Reviews by Goldfish Stew

Star Dragon

by Mike Brotherton

Slow start, but overall a worthy read

Star Dragon tells the tale of a mission to discover an extraordinary life form, caught momentarily on film. The idea of a colossal "Star Dragon" has the crew seeking to discover more about an improbable creature in an inhospitable environment. And that part of the story is done rather well.

What is done less well is the futuristic vision of a world where genetic engineering is done as routinely as having your haircut, and where even basic furnishings are genetically modified creatures allowing personalised environment. It added an unnecessarily grotesqueness that detracted from the rest of the story. One could suspend disbelief in the case of the existence of Star Dragons, but I couldn't stretch it to near instantaneous genetic modification and sympathetic sofas.

It took me a while to get into this book. I think the whole "genetic modification at will for fashionable purposes" had something to do with it. But I'm glad I persevered.

Reviewed on 2007.03.20

The Galaxy Primes

by E. E. ''Doc'' Smith

Unimpressive Drivel

This story of 4 space travellers with telekinetic abilities is underwhelming. Probably partly due to being a very dated look at the future, it hasn't aged as well as some contemporaries managed.

The 4 travellers - Clee, Belle, James and Lola are sent spaceward in an experimental spaceship that seemly materialises randomly at a destination. They bounce from destination to destination meeting humans at just about every stop, but also meeting guardians of the human race whose role it is to ensure breeding compatibility.

Eventually they realise they can control the space craft (telekinetically) and return to their home galaxy, where they decide that as psychically advanced beings they should give something back to the galaxy.

The characters are abominably two dimensional, and the plot simply wretched. The psychic abilities essentially give them a get out of jail free card at every juncture, thus removing any potential for tension.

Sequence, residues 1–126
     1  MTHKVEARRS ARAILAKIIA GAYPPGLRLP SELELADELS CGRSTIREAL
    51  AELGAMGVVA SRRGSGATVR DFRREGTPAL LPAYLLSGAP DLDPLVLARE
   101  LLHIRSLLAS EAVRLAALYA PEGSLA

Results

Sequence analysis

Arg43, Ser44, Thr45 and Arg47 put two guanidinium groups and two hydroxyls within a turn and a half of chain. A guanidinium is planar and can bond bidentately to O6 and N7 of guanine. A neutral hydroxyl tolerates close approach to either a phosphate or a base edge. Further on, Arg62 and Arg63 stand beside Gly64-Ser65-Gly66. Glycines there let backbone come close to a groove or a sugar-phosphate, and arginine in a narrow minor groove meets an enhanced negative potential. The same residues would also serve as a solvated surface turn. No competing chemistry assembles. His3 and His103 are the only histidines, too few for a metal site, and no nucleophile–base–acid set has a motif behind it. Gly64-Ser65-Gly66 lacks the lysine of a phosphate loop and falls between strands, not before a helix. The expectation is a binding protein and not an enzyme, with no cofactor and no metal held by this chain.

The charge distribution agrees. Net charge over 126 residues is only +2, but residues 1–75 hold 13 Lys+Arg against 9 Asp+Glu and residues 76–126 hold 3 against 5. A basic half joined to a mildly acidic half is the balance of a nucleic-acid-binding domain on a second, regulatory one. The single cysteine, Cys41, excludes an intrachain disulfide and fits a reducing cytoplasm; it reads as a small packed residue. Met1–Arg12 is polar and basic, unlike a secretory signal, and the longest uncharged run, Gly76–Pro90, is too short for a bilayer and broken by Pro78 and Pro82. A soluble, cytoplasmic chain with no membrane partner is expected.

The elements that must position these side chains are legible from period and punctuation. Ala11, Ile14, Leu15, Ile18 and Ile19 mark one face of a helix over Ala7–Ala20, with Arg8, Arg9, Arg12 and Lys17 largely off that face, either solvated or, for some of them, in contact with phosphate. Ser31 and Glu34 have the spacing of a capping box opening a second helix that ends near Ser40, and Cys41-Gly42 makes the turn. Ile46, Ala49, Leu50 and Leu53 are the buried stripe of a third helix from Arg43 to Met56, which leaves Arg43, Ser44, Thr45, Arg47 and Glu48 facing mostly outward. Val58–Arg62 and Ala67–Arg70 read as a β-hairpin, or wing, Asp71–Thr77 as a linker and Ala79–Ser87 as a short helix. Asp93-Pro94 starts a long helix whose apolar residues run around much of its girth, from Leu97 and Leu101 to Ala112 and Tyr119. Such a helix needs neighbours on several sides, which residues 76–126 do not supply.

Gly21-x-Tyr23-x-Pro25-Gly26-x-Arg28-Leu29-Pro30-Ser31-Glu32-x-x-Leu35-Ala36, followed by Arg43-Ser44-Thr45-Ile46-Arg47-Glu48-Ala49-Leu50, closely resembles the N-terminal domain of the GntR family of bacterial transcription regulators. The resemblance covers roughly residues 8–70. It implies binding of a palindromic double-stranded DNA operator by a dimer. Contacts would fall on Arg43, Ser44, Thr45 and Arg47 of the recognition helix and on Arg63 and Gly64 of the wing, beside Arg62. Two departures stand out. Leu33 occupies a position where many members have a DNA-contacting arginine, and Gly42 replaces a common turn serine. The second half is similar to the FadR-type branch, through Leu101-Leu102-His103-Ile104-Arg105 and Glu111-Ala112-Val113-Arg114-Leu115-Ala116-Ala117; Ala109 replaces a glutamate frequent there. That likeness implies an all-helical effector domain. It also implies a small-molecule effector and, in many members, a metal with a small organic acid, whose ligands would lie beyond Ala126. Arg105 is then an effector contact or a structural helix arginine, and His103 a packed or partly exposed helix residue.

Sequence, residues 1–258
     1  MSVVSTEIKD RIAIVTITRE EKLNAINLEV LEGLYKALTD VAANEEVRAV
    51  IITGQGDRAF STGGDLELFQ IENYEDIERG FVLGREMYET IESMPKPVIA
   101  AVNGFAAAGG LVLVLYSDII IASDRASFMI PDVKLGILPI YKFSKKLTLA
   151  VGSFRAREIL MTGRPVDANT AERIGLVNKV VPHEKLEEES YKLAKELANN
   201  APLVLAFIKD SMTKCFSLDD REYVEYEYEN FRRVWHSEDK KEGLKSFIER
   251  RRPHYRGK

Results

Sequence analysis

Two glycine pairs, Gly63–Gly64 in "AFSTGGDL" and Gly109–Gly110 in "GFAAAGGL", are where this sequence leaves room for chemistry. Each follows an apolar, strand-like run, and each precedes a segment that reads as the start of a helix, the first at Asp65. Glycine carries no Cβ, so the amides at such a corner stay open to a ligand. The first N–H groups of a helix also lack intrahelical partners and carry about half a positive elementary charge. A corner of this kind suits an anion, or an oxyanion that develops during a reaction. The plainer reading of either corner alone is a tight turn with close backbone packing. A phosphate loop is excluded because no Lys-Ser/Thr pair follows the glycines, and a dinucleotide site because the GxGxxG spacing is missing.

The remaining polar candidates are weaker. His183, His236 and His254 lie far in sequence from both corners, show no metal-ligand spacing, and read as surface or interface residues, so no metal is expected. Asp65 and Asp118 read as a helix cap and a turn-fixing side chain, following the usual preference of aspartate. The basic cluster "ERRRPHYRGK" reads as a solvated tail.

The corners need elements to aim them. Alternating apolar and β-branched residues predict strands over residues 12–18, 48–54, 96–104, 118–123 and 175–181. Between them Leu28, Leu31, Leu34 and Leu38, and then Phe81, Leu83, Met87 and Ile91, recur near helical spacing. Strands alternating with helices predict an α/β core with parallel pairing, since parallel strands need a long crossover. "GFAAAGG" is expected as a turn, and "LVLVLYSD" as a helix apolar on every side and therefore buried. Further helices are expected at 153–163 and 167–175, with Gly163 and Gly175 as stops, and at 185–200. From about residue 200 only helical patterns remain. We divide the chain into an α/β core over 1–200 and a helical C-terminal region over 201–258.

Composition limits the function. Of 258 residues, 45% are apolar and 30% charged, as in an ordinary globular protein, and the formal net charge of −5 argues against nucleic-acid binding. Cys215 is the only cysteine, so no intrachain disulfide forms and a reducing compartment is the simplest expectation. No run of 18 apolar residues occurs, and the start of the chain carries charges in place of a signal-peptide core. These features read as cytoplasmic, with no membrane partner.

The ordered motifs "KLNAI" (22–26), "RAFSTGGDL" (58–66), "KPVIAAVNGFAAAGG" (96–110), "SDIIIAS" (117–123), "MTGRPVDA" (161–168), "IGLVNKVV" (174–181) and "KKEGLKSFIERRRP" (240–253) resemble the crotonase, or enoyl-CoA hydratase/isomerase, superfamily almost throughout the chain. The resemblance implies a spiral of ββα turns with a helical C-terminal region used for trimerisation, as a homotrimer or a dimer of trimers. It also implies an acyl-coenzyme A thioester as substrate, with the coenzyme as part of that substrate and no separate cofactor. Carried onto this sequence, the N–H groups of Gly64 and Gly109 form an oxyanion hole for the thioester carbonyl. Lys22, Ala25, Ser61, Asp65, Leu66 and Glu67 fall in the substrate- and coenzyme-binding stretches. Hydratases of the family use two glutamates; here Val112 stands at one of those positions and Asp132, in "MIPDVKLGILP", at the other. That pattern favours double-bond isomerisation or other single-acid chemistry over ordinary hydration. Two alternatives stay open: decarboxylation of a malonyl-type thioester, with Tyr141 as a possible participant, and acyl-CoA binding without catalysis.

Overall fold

It ends up like a handful of possibly reasonable plotlines tossed together and brewed in the worst possible way.

Reviewed on 2007.03.18

Down and Out in the Magic Kingdom

by Cory Doctorow

Imagine a world where government and society as we know it has gone. A place where money no longer exists - instead people trade in kudos, the amount of kudos someone has determining their status and influence. Imagine the dreams of open source communities and community driven projects (such as Mozilla or Wikipedia) stretching across society - where even businesses like Disney are taken over by adhoc communities running the park for the love of it (and the whuffie.) Where death is curable by simple backup.

Cory Doctorow invites the reader to explore such a world. Down and Out in the Magic Kingdom is such a story. And as surreal as it may sound, he draws you in. Murder, revenge, underhanded deeds and tiredness with the world dominate this story.

It is at the same time lighthearted and a somewhat dark reflection on life and the human condition. Take the chance and read it, you might be surprised.

Reviewed on 2007.01.23

by

Look beyond the dates

This is a book set around the Y2k bug - which automatically dates it and makes it feel a tad embarrassing. But if you're able to look beyond that into a "what might have been" scenario there is a not too bad story underneath. Furthermore, although Y2k provides the setting, the real theme of the story (more about economics) is still relevant.

Macdonald writes well, able to draw the reader into the story as it unfolds. Worth a look.

Reviewed on 2007.01.07

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